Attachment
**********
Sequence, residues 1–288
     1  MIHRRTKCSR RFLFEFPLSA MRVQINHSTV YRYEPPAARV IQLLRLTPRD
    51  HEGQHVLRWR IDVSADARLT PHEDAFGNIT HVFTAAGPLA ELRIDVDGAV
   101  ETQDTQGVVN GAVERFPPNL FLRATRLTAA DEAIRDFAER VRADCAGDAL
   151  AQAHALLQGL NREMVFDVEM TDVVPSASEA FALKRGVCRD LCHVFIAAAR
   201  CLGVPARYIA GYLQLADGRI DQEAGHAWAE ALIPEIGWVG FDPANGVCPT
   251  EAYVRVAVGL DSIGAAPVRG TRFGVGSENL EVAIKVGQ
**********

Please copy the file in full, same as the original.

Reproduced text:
Sequence, residues 1–288
     1  MIHRRTKCSR RFLFEFPLSA MRVQINHSTV YRYEPPAARV IQLLRLTPRD
    51  HEGQHVLRWR IDVSADARLT PHEDAFGNIT HVFTAAGPLA ELRIDVDGAV
   101  ETQDTQGVVN GAVERFPPNL FLRATRLTAA DEAIRDFAER VRADCAGDAL
   151  AQAHALLQGL NREMVFDVEM TDVVPSASEA FALKRGVCRD LCHVFIAAAR
   201  CLGVPARYIA GYLQLADGRI DQEAGHAWAE ALIPEIGWVG FDPANGVCPT
   251  EAYVRVAVGL DSIGAAPVRG TRFGVGSENL EVAIKVGQ